J.Aisenbergin SO, in his interview, Nabokov doesn't ever give us any specifics, because, as he says, implies, suggests, no afterlife can be explained in living terms [...] it does not matter whether or not a fountain or a mountain hovers beyond the veil, but the fact he was nearly drawn to think so. That was my point.[...] neither of them can describe it[...] or do much than more than poetically sense it through the grid of their own unerstanding. I suppose, in my secular way, I take Shade's thoughts as just a way of not having to be disappointed with the little he can actually know[...]If the novel is meant to be a model of a specific "otherworld" then the book would have to be considered a failure [...]... significant, why?  Because of the reader's urge, which mirrors Kinbote's urge to find zembla in Shadowland, and Shade's urge to discover an afterlife for he and sybil and his dead daughter....
JM: In the first place, a spelling correction related to former message.
The immortal ( or nearly immortal) medusa is called turritopsis nutricula*. One of the articles even questions our common beliefs about an inevitable doom awaiting every "solitary organism", and mentions this strange multitentacled animal as a proof for some kind of biological immortality, of the kind that VN would spurn, I think!  It seems to me that his "serial souls" would always "embody" (?) Vladimir Nabokov.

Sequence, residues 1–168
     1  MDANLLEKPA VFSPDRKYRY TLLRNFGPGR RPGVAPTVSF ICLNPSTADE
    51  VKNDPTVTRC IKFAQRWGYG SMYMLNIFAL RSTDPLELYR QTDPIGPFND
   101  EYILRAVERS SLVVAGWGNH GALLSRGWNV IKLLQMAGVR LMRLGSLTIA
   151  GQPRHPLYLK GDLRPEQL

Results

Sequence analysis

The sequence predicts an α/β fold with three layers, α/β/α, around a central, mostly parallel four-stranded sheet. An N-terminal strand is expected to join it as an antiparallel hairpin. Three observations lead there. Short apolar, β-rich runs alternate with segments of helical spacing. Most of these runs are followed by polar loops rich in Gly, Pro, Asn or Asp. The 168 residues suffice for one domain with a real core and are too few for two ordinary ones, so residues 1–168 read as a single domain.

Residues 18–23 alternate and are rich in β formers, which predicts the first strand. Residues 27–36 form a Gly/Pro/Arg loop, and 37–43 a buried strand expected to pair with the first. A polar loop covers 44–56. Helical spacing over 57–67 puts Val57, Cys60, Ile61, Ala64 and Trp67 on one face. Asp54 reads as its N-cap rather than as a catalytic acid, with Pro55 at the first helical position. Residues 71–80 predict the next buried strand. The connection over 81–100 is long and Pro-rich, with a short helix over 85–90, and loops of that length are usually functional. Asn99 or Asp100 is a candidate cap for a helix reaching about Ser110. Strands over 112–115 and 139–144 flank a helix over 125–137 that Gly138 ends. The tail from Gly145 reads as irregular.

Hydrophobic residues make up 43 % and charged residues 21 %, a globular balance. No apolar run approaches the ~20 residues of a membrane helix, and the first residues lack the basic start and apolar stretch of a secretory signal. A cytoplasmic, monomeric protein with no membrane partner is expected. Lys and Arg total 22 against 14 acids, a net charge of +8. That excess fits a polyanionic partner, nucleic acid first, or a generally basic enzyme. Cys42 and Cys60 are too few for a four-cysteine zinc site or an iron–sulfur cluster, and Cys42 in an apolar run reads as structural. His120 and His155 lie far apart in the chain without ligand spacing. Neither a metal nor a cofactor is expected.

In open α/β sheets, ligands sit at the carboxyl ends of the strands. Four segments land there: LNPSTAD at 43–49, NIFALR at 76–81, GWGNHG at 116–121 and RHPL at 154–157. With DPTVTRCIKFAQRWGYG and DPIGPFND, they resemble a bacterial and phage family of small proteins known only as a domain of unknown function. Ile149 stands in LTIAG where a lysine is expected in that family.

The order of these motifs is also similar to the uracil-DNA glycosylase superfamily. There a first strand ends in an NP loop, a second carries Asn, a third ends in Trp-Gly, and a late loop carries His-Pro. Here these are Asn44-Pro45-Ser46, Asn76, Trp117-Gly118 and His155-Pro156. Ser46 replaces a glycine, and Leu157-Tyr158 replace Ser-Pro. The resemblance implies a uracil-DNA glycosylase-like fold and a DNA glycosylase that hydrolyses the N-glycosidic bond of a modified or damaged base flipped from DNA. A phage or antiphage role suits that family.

For J. A "no afterlife can be explained in living terms" and yet, he employs words, such as "beyond the veil",just as J.Friedman mentioned "above our world", which are spacial indicators. Or adds that Shade expects to find Sybil and Hazel, perfectly identifiable as such, after their deaths. 
At the same time he admits that, as least in VN's fiction related to the "hereafter", there are characters who may "poetically sense it through the grid of their own unerstanding" ( in his example, Shade also puts faith in patterns and correlations) so they must "sense" something that is apprehensible, even without words or traditional sensorial inputs.
Does this indeterminacy spoil our pleasure when we read VN? No. It is part of the enjoyment! Afterlife may be indeterminate, but style, structure, the corpus of his text, are not.  Although his preoccupation with an afterlife often intrudes in his writings, it is not an essential part of his literary achievements when taken as constituting a private belief: Nabokov uses it as part of his conjuring tricks, games, satire, poetic metaphors.
Hope, ghosts, evolving shadows... aren't they incorporated in his style? In my opinion his talent also lies in his ability  to projects them onto the reader, who then perpetuates them (at least while he is reading.) 
*Excerpt: Solitary organisms are (according to current belief) doomed to die, after they completed their life cycle[...] Turritopsis nutricula (could we call it Joe??) managed to find a way to beat that [...] they revert completely to a sexually immature, colonial stage after they reach sexual maturity[...]They’re able to return to polyp stage due to a cell change in the external screen (Exumbrella), which allows them to bypass death. As far as scientists have been able to find out, this change renders the hydrozoa virtually immortal.www.zmescience.com/meet-the-worlds-only-immortal-animal - 143k  
Another article and address: www.sciencenews.org/view/generic/id/33516/title/Nearly_immortal_sea_creature_spreadsin - 28k

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